By Joe Michaud
[This Motorcycle Suspension Technology in Detail book review was originally published in the April 2007 issue of Rider magazine]
So says the intro by Werner “Mini” Koch and Benny Wilbers in their collaborative book, Motorcycle Suspension Technology in Detail.
Suspension tuning has always seemed a black art to me. Is my bike set up well? Can it be improved? Koch and Wilbers explain the basic set-up of modern motorcycle suspensions and work us through fine-tuning for our particular riding needs.
First, they advise ruling out any non-suspension handling variables like worn tires, inaccurate tire pressures or related mechanical problems. Check the chassis for correct spring rates by measuring three suspension value variables: full extension with the wheel off the ground, static length (or “sag”) of bike-weight alone, and compressed length with the rider aboard. All dimension ratios are specified in the text along with cures should your machine fall outside of the suggested specs.
Springs are the workhorses of suspension and Wilbers advises addressing them first. If preload cannot be properly adjusted, replacement is in order. The correct spring provides the optimum compression and rebound distances for the shock stroke. Too soft, the shock will bottom out; too stiff and the shock will rebound to the mechanical stop. Hydraulic damping—controlled by metering oil through adjustable valves—restrains and controls the energy stored by the spring, but valve tuning alone cannot compensate for incorrect spring rate.
To some degree, compression and rebound stroke length also affect rake, trail and braking forces, all of which contribute to our sense of “road feel.” Add “stiction” from inherent mechanical resistance into the mix and the whole plot can get complicated. But don’t worry. All is addressed, explained and demystified in this 95-page hardbound book (recently translated from German with some interesting typos).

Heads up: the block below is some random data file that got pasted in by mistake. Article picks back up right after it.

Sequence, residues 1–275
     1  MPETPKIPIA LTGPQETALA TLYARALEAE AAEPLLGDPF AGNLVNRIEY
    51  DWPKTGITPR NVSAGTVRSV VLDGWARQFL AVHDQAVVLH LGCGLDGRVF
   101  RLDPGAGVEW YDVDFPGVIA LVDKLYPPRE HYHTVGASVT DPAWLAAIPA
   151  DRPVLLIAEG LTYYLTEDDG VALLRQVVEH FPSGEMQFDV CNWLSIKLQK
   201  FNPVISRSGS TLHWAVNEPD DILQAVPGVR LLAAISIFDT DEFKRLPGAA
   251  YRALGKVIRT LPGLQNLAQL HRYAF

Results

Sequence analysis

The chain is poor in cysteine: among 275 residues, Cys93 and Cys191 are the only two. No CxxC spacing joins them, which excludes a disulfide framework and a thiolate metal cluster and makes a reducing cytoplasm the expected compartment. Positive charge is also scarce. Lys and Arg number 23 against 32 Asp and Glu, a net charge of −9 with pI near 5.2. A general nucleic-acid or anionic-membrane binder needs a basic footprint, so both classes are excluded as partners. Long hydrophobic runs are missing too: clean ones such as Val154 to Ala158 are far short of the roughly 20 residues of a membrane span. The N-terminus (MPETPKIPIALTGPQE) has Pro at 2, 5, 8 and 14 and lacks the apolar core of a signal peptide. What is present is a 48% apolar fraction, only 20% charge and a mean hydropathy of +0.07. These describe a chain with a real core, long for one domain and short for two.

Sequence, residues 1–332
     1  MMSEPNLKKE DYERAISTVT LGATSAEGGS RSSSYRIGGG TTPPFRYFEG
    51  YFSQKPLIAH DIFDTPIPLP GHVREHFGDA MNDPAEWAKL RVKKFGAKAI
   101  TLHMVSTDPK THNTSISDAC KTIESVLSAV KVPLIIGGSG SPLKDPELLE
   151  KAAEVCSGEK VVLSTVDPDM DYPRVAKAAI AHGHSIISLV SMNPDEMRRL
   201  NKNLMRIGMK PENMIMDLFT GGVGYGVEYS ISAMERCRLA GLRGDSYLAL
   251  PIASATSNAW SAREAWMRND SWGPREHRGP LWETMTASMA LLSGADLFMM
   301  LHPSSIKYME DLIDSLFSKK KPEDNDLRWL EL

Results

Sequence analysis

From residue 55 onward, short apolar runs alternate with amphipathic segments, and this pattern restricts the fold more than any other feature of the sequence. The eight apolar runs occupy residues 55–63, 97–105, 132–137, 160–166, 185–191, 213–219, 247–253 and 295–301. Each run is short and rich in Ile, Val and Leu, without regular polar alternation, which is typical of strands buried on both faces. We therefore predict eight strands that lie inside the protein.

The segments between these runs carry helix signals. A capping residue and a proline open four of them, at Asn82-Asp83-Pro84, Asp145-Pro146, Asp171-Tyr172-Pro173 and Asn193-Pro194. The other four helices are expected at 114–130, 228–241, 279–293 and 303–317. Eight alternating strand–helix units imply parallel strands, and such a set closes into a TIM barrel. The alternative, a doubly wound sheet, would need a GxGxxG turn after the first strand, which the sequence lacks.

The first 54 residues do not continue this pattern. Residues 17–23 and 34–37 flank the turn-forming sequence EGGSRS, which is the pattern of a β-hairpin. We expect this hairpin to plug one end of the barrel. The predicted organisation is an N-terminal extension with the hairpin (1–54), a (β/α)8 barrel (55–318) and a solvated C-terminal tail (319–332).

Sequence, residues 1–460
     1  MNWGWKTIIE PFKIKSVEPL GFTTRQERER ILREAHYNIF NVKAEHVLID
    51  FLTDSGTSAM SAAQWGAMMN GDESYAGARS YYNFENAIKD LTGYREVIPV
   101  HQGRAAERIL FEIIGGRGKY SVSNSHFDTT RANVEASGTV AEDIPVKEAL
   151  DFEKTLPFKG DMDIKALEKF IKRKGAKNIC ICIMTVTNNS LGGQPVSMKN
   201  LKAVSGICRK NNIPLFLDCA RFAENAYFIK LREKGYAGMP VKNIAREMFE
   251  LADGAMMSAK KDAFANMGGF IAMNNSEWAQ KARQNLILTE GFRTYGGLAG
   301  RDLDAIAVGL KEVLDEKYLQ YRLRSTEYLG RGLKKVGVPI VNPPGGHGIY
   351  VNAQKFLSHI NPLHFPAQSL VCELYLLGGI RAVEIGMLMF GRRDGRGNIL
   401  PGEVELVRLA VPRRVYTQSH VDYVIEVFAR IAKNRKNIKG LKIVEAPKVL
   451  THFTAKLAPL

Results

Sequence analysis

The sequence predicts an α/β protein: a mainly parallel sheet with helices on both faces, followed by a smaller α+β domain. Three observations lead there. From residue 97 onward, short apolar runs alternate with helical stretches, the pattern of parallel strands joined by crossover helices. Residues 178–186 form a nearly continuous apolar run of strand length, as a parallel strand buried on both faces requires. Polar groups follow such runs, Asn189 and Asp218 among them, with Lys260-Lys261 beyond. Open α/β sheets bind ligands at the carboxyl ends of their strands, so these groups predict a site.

Some tips for the home suspension tuner? The charts and graphs are in millimeters so acquire an accurate metric steel rule to avoid conversions. An additional person to measure and/or steady the bike is also a great aid. Some changes influence others, so proceed slowly and modify only one setting at a time. After each adjustment, ride the bike over the same course (and the same bumps, chattery pavement, etc.) to check for positive improvement. Keep notes of your original starting points in order to find your way back if you stray from the correct path. But remember… manufacturers provide adjustability features for a reason. Don’t be afraid to tune to your liking.
It will still take a certain seat-o’-the-pants sensitivity to achieve the “correct setting” for your own riding style, bike and weight. But Wilbers and Koch explain enough of the mechanical processes of modern suspensions to educate the average driveway mechanic. Beg the help of a riding buddy and see if your ride can’t become better attuned to the pavement. Mine did.
I found Motorcycle Suspension Tuning to be an interesting read; the text is fully illustrated with color photos and graphs and the instructions are clear. The book is available for $24.50.